Plant a tree! Maybe you can’t actually dig a hole in the ground this week, but thanks to the internet, you can take part in tree planting elsewhere.There’s no denying it: our planet needs trees.

  • Some of you may remember giving to JNF to plant trees in Israel. You can still do that, and get or give a classic Tree Certificate.

 Planting a tree in Israel can also be a gesture of peace and hope.

 Watch Honi make it rain! Well, virtually. A fun video for everyone.

On Tu B’shvat, I will be eating dates, figs, nuts and pomegranates, and contemplating the need for us to take care of our trees and planet, as they sustain us, even through the frozen winter.  And remembering that each day is a choice fruit to enjoy.

Thursday, January 15, 2015

Je Suis Charlie, Je Suis Juif

Wednesday evening, I attended the communal gathering in solidarity with French Jews. Upon entering the sanctuary at Temple Beth Elohim in Wellesley, I was moved by the names and faces that appeared on the screens above us.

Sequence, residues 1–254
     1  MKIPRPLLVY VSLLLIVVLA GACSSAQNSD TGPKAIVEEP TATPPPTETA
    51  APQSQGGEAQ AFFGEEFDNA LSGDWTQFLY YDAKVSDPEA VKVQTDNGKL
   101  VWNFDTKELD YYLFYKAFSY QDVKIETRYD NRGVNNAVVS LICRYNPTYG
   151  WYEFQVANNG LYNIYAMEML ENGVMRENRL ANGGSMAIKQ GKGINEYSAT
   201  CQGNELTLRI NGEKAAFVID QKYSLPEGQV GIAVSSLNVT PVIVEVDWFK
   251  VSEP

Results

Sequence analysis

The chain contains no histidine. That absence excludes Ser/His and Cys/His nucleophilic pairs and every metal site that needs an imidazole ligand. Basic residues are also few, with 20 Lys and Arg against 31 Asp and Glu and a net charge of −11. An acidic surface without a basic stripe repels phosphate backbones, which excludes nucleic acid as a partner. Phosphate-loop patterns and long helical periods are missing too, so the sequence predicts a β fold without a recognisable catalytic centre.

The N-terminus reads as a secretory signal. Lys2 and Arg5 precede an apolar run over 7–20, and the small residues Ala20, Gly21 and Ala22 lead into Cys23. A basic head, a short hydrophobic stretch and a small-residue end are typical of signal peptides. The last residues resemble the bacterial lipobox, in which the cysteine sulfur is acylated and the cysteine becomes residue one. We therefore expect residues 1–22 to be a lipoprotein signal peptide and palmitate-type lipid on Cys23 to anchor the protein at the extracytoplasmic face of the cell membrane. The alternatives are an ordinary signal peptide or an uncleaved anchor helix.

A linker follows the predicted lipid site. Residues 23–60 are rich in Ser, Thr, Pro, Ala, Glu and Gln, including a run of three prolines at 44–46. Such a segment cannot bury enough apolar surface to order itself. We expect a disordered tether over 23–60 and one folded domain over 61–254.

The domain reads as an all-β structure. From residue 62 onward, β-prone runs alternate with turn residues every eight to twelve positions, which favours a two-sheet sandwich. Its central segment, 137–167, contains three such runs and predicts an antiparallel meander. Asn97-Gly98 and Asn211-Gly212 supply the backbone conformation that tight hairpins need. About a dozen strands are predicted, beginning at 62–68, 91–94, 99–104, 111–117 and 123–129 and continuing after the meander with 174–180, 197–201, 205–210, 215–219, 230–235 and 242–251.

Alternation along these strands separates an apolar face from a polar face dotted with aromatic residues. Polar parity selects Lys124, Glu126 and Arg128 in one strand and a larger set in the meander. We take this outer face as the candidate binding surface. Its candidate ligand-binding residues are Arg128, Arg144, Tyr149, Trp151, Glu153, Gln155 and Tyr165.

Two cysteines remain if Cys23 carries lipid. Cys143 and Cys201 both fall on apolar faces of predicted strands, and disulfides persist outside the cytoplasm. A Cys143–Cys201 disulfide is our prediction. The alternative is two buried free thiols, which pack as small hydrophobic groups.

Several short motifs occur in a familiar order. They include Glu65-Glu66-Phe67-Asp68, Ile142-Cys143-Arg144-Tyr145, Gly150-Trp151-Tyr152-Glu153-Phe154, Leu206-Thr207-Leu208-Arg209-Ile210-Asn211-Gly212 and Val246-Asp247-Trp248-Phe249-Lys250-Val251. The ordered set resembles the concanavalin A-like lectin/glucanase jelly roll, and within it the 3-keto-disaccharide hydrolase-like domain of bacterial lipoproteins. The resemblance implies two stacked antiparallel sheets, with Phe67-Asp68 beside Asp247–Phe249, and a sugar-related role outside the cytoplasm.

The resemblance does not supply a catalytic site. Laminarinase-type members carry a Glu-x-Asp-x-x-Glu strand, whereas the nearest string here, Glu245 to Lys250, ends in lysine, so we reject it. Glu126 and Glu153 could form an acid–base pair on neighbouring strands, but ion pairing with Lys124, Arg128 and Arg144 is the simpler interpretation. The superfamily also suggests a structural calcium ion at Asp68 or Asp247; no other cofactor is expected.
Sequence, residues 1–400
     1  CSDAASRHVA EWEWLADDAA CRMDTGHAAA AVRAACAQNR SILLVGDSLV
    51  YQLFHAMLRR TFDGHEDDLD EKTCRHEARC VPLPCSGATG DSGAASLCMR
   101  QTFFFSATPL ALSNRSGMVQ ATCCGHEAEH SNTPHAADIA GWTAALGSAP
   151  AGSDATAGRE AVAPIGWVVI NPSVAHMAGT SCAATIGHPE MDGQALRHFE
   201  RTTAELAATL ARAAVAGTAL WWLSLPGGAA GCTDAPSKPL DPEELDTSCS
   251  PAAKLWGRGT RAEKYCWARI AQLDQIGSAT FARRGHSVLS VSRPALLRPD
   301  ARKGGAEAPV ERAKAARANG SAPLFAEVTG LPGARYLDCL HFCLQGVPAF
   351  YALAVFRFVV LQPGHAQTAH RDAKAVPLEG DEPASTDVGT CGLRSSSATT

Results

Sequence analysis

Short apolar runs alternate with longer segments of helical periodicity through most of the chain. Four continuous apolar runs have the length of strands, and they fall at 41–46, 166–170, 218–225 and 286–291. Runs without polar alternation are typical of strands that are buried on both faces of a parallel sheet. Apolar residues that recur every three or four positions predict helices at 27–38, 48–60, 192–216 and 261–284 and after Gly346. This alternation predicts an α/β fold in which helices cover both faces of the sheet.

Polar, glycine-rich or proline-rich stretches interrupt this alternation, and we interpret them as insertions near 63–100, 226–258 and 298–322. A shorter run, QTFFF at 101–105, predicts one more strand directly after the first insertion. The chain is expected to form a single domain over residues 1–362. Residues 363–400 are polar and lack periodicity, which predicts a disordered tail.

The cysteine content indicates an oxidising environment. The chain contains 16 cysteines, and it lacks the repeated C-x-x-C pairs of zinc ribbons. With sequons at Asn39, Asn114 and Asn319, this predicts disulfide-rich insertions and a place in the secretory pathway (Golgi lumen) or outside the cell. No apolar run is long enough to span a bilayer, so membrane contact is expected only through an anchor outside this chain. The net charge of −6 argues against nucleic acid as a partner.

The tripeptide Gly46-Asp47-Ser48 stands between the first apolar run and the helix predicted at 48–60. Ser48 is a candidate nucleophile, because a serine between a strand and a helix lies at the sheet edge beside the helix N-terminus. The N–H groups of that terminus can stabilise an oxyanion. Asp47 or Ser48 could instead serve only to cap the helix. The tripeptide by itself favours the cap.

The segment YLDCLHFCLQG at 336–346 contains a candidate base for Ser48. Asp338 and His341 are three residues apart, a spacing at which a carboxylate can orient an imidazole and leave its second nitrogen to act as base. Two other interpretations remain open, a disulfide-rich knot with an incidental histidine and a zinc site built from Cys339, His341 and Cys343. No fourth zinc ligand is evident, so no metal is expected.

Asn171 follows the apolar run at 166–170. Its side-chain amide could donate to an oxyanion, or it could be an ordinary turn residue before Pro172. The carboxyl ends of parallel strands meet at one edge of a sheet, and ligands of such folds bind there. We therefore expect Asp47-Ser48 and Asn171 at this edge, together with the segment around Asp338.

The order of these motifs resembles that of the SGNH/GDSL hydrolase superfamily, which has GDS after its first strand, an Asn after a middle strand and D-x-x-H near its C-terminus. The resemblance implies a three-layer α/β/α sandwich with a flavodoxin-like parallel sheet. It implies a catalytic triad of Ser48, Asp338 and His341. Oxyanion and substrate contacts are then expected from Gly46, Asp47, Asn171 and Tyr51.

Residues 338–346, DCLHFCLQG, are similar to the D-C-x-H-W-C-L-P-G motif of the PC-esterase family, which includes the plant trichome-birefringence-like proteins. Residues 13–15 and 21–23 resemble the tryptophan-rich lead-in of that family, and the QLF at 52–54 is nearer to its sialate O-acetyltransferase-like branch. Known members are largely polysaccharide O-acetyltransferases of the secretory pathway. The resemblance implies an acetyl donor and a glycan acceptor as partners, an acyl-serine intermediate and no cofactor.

They included the four Jews who were murdered in the kosher supermarket:

Philippe Braham
Yohan Cohen
Yoav Hattab
Francois-Michel Saada

The slides also included the names and faces of all seventeen victims of terror last week.

Those images reflect two important themes of Jewish life: commitment to our own people as well as to all of humanity. I spoke of this tension on Rosh Hashanah this year, urging us to find a way to hold both commitments at the same time. The Jewish people is our family, wherever they reside, whatever their ideology or religious expression. As Rabbi Joel Sisenwine reminded the gathering last night: Kol Yisrael arevim ze lazeh, each Jew carries a responsibility for other Jews.

Yet the Torah begins with a universal vision, the Creation of all humanity. The pinnacle of the Creation story is expressed in a statement of our equal status and unique individuality: we are each made b’tzelem Elohim, in the divine image. From that first chapter of our holiest Book, we derive the obligation to care about all human beings and to treat each one with dignity.